Oxfam in Bangladesh has been working with the number of ICT interventions as a media or tool to empower the community; specifically to raise and to hear the voice of vulnerable and marginalized women. The Participatory Research and Ownership with Technology, Information and Change (PROTIC) as of REE-CALL has been initiated to begin specifically addressing women's economic
empowerment in agriculture through technology as well as electronic device. The project is focused on women in agriculture and aims to increase women's participation through strengthening their
leadership role in information, communication and technology. The project PROTIC is funded by the Monash University, one of the leading universities in the world and working in Dakshin Kharibari village under Tepa Kharibari Union Parishad, Dimla, Nilphamari; and Borokupot village in Atuliya Union Parishad, Shyamnagar, Satkhira. Two development partners: Pollisree in Dinajpur
and Shushilon in Khulna, couple of public universities in Bangladesh and multiple stakeholders are working together to implement this research initiative in Bangladesh to empower the female
farmer through enhancing their knowledge, information and skills regarding modern technology and electronic devices.
In association with PROTIC from Oxfam in Bangladesh along with Monash University and The Daily Star the round table discussion on 'Identification of gaps for grassroots people to get access
to ICT intervention' has been held to explore the Government intervention toward ICT in rural areas and to identify the scope, challenges and approach of resolution to get the services. The objective
of the round table is to cover the benefits of ICT in rural women's life, who are involved in agriculture, the challenges they face to get the services from the Government along with the possible
recommendation to get rid of this challenges.
M.B. Akhter, Program Director, Oxfam in Bangladesh
Messages that are development oriented may not be as widely heard or accepted as those that talk of immediate consequences. I wanted to understand why this development message is not influencing us in a strong manner. As everyone has access to mobile phones or tablets, we wanted to find out how we can use this medium to send these development messages, and thus have been working with Dr. Larry Stillman under the project of PROTIC, which is a five-year long participator research based project on ownership with technology and change. It seeks to ensure that the masses own the technology and the changes that come with it. As the data of change comes from a different source, like an NGO or the government, there is the tendency to not have a sense of ownership to it as we fail to understand how they can affect us.
We had concerns that most researchers are conducting hard research but there is not much follow through to see whether this research has any impact on people's life, especially on those who give them the data. We want to use ICT in an innovative way so that the development messages, particularly those related to agriculture, that we send to ordinary people are easy to understand and accepted. We have worked with Dr. Larry Stillman to determine what the design should be to best disseminate these messages to our target audience.
It is imperative to create a link between development and ICT; ICT could be one of the means to take development closer to people. We often can't understand how change takes places and so we need to create tracking mechanisms to understand how they affect people and how exactly these changes take place to ensure data for further development.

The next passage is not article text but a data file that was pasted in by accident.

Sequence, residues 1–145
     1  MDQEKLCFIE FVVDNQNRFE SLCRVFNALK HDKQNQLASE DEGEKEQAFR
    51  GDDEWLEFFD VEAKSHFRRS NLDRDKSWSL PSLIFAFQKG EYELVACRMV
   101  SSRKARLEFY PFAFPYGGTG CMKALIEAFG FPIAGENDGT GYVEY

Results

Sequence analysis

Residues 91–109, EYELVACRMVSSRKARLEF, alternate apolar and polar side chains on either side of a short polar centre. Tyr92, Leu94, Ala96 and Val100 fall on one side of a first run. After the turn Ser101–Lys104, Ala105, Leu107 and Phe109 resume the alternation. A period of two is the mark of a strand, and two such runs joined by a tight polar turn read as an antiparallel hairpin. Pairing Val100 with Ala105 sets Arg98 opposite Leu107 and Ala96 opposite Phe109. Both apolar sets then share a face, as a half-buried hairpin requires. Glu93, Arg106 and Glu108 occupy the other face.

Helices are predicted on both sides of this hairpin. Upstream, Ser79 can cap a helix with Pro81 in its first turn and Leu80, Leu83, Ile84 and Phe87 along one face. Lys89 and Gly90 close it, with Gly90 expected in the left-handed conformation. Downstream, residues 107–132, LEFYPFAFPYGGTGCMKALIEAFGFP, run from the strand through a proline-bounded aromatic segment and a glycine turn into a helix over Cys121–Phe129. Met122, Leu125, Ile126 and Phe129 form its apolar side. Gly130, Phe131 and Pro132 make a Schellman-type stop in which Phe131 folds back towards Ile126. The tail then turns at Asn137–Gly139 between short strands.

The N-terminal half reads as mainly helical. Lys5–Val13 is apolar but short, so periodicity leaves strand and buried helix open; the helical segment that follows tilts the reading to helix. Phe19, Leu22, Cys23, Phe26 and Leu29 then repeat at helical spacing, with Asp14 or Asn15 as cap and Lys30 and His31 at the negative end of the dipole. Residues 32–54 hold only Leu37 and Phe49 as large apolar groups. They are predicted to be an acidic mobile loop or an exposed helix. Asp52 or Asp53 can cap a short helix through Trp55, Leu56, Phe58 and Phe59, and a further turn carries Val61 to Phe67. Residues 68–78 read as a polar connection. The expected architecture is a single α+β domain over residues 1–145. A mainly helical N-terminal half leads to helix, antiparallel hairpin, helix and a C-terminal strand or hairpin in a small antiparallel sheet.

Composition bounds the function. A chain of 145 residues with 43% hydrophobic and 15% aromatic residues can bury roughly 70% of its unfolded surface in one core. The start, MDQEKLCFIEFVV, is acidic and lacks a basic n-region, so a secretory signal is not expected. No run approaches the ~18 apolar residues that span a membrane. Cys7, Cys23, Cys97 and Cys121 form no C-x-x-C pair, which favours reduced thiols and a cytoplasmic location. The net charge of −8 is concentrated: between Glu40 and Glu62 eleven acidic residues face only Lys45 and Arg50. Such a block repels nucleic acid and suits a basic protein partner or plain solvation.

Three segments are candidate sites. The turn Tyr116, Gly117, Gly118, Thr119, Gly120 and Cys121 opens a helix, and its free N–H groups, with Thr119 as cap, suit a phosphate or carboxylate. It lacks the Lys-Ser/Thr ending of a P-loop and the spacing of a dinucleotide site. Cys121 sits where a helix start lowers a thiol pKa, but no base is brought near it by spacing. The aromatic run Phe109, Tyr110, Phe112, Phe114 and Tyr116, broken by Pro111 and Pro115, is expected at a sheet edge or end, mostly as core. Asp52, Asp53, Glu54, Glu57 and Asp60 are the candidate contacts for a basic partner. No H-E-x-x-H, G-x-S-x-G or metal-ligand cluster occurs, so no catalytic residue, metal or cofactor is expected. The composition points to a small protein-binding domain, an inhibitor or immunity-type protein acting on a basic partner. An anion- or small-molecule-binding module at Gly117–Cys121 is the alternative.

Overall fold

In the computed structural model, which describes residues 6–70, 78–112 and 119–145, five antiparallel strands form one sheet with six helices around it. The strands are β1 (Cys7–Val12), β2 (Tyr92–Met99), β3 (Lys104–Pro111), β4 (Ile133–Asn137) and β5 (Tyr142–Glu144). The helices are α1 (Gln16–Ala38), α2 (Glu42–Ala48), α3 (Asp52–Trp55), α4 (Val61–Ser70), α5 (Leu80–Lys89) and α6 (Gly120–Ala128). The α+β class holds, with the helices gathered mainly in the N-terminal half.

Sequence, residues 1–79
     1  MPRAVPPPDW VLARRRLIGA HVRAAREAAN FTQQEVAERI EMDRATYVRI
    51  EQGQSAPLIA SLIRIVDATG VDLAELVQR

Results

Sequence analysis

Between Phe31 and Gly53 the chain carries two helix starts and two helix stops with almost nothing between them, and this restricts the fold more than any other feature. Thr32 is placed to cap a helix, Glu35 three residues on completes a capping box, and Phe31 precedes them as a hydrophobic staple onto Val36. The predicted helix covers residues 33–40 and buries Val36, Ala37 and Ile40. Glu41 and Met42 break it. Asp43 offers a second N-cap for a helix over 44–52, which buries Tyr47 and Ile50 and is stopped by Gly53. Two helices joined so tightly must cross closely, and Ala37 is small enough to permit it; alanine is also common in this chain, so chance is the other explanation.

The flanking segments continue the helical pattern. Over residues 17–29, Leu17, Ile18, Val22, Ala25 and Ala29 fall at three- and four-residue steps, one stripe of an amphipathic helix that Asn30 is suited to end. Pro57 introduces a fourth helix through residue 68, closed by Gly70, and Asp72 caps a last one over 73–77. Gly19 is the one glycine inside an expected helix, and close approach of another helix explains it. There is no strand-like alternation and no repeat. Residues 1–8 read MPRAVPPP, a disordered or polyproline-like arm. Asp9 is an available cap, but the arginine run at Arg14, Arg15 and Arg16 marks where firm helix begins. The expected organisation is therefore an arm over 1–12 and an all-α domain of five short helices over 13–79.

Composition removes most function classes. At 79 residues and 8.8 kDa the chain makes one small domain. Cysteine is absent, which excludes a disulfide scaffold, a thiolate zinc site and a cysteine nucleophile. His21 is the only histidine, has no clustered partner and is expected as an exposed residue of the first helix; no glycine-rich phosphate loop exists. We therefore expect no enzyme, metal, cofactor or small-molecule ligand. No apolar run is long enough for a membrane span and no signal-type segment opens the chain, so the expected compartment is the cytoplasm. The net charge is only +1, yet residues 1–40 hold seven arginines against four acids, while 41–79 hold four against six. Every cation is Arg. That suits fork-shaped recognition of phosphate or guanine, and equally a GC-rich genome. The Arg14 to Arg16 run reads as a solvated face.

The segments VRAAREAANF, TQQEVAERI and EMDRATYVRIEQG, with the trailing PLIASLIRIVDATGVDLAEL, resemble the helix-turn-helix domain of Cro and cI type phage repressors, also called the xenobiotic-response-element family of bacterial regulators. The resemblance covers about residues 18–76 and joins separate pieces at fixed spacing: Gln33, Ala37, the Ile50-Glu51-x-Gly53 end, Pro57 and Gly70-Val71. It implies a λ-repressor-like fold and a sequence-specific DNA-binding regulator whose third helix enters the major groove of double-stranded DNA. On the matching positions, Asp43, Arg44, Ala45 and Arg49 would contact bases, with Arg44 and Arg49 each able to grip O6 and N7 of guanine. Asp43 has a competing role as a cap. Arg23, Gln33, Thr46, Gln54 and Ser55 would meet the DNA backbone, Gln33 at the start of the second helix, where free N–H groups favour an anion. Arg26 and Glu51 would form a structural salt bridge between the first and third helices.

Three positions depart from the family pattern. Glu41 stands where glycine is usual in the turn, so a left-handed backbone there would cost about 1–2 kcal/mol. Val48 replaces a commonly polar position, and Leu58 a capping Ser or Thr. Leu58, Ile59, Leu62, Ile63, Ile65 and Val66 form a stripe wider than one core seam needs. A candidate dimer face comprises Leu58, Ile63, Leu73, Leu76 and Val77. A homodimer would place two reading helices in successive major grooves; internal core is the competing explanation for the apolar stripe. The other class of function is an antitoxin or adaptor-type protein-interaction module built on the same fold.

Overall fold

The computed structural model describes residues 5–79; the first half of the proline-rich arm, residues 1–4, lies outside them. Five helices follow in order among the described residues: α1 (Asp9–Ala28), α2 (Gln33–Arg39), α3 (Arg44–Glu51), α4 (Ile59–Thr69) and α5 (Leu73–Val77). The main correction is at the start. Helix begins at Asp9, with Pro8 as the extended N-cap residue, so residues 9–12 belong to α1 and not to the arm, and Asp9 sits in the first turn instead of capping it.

From today's roundtable, we want to take the message that 'ICT for change and change in life'. We need to create an impact on people's life through the digital services and for that we have to ensure the quality of our services.
Dr. Larry Stillman, Lead of PROTIC Project, Monash University
Everyone has a mobile phone but we don't how to use it effectively in our work. We are stuck in a traditional mode of operation. Oxfam is very interested in hearing voices from the bottom. The mobile phone, internet and technologies around them seem to be a perfect way for villagers to inform, not just Oxfam but those in ministries, civil servants and other NGOs. But this needed research and Oxfam is not a research organization, whereas Monash is a research organization with one of the best IT faculties in the world. During the formation of the proposal, I came to Bangladesh two to three times and visited villages and other parts of the country that enabled us to send a strong proposal to our partner sponsor foundation.
We are awarding doctoral scholarships and are holding interviews on that at the moment. We are hoping to particularly promote and help women through this scholarship, which will go on for three and half and a half years.
A lot of conventional ICT research tend to be from the top-down. You have engineers who want to design an application or roll out initiatives such as wireless or mobile phones. They are less interested in social effects and they certainly don't know how to work from the ground up. By using the voices from the village, we can inform ourselves of what they need. For example, two days ago when we were in a very remote place, the women were very direct and specific on what they needed. This was an amazing challenge for us was their expectations. I asked them if we offer you advice through a service online where you can phone up and ask for advice instead of spending money and time to go to a vet, for example, how quickly do you expect advice. They said instantly. They no longer find it acceptable that farmers who live in a remote area may have to spend a day to visit the vet; they wanted the accurate, comprehensive, correct advice now.